Communication #2. I noticed that some friends of mine who live in Oakland posted pictures of Prague. I commented, “Wait, what? Are you in Prague?!” They responded that they were. As it happens, I have a friend who lives in Prague. He is an Englishman, a retired music teacher, who fell in love with Prague and bought a home there. He lives in Cheshire during part of the year and in Prague during most of the year. I asked my Oakland friends if they had any interest in hooking up with him, since he loves Prague and knows many lovely places to see there. They were enthusiastic about meeting him. I made introductions via Facebook and my English friend arranged to meet them at his favorite café. The next day I saw photos of my Oakland friends and my English friend posted on Facebook. They loved one another instantly and the meet-up was one of my Oakland friends’ favorite enents during their vacation.

Communication #3. Some of the characters and stories in my novel Memories from Cherry Harvest are based on relatives of mine and the stories of their lives. A couple of these relatives lived in France. They were from a generation before mine and were much older than I. When they passed away, I lost touch with their son and grandchildren. My father had been in communication with their son, who was closer in age to him, but he, too, lost touch. When my book came out, I couldn’t send a copy to the son of these people who figured so prominently in the novel because my father and I didn’t know how to find him. A couple of weeks ago, I went on the internet and began searching for him. After over an hour of sifting through search hits, I discovered that one of his sons is on LinkedIn. So am I. I sent a contact request to this cousin, who is now in his early forties. Once he accepted, I sent a message. He provided an email address. A flurry of lengthy emails followed and now my father and I are back in touch with these French relatives. Last week I finally sent a copy of my novel to the son of the relatives who were the models for two of the main characters. The book is dedicated to several of my ancestors, including his parents. He reads English. I am delighted that he will finally read my fictionalized version of his parents’ story.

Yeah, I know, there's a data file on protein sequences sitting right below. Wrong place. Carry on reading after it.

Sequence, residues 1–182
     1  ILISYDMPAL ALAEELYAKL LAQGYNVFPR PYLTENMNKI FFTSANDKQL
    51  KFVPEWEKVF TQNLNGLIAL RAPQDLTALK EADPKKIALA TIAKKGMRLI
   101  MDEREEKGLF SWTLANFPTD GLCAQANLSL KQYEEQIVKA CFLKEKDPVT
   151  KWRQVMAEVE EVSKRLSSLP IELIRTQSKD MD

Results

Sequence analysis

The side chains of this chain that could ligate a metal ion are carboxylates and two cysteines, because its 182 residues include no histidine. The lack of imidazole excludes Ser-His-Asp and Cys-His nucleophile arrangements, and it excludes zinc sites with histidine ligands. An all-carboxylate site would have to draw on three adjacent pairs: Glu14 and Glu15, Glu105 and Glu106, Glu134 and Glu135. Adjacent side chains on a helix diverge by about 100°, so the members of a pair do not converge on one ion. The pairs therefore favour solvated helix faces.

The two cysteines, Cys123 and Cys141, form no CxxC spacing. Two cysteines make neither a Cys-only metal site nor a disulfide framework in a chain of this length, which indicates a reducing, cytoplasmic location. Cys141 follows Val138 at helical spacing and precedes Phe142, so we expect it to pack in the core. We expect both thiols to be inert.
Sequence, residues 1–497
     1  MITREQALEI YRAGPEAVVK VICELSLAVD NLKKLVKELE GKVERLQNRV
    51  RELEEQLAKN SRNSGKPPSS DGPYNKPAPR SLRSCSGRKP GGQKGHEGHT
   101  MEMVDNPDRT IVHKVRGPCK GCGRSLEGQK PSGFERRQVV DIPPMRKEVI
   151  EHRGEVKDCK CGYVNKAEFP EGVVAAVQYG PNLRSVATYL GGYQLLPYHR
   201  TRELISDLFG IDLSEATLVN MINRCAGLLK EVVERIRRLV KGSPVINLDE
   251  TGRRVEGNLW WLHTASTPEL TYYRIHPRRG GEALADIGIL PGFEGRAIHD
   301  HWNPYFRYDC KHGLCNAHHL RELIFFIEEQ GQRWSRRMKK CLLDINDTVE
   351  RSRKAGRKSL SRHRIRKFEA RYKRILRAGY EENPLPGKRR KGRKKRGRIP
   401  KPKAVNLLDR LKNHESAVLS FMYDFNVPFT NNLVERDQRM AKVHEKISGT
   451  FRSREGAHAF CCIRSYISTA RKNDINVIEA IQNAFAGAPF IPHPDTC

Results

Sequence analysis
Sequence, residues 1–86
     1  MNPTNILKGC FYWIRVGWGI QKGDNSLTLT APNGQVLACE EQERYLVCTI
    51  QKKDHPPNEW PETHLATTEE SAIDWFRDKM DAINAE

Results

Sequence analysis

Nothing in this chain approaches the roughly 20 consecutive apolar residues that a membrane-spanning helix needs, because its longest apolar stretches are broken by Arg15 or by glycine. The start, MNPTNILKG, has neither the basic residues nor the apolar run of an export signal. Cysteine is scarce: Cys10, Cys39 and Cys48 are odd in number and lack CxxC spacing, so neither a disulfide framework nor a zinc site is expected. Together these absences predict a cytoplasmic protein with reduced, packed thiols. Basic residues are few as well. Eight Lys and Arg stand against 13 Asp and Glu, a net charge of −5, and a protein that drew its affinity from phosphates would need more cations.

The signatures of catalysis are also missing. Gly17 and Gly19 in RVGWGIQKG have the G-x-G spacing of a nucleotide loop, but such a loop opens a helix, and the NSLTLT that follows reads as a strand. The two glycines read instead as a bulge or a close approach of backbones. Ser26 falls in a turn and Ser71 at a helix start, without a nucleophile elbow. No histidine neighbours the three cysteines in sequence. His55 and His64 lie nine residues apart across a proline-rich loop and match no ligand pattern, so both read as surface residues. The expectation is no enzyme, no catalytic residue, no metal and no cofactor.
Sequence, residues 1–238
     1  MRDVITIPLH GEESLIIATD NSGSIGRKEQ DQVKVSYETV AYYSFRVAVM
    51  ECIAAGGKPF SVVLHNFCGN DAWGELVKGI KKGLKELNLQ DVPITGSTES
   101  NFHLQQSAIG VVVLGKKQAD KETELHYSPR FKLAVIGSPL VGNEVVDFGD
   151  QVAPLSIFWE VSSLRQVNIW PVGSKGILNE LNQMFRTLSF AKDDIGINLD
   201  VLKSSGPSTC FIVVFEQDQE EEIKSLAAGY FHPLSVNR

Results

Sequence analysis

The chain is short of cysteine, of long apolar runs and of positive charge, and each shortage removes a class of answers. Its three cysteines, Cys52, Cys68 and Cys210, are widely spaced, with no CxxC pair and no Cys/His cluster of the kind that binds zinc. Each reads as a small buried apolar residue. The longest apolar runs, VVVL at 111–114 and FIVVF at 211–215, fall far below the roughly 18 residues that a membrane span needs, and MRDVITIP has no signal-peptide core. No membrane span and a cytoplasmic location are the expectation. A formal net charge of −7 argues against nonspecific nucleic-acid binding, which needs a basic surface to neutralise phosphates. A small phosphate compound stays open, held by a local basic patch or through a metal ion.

For people with a more localized life, I suppose the internet and global communications are of less importance. For me, a person with friends and relatives all over the world, these technological tools offer a doorway through time and space that takes me deeper into cherished relationships. I traveled a great deal when I was young. I no longer have the wanderlust, and even if I did, I don’t have the means for globetrotting. My computer gives me the ability to continue my relationships with far-distant dear ones as I sit at home. Furthermore, global communication has apparently given me the ability to touch the lives of mysterious people in Russia and the Ukraine. I write to touch the lives of others with my words. It is my passion. So let me say, “Thank you Russia, with love.”

[And thank you to all of you who loyally read my words each week. I want to let you know that I will be out of town attending a family Bar Mitzvah on May 2 so I won’t be blogging as usual next weekend. I’ll be back the following week. Let’s continue our conversation then.]

Sunday, April 19, 2015

Spring Planting

Every year it comes to this in the spring:  I plant with big dreams for my gardens. Then, as the summer unfolds, nature exercises her prerogative to do as she pleases. Sometimes nature brings phenomenal surprise gifts and sometimes she laughs at my delusions of grandeur. Last year my peach trees went crazy. I made pies and jam and shared with the neighbors. This year I practically drooled when the peach trees blossomed. I remembered standing in the yard in the June heat last year as I ate warm peaches straight off the tree, the juice drizzling down my arm. But this year the blossoms faded and to my chagrin the peach trees (one white peach and one yellow peach) produced almost no fruit. Meanwhile, my enormous old purple plum tree, which has not fruited for the past three years, is laden with fruit this year. Sweetest plums you could ever imagine. I can hardly wait for them to ripen. What gives?

I planted three cherry trees in my yard six years ago and none of them has ever borne fruit. They grow taller every year and look magnificent, but they produce nothing, no matter how I feed them and water them and tell them how much I care. They are matinee idols:  all glitter and no substance. One year the kiwis mysteriously produced a dozen perfect pieces of fruit. But it was apparently a one-night stand and now that I have been seduced and abandoned I have not been the beneficiary of any further kiwis. I moved my blueberries to a new location this winter and I am hoping to become a prolific blueberry farmer. We’ll see about that.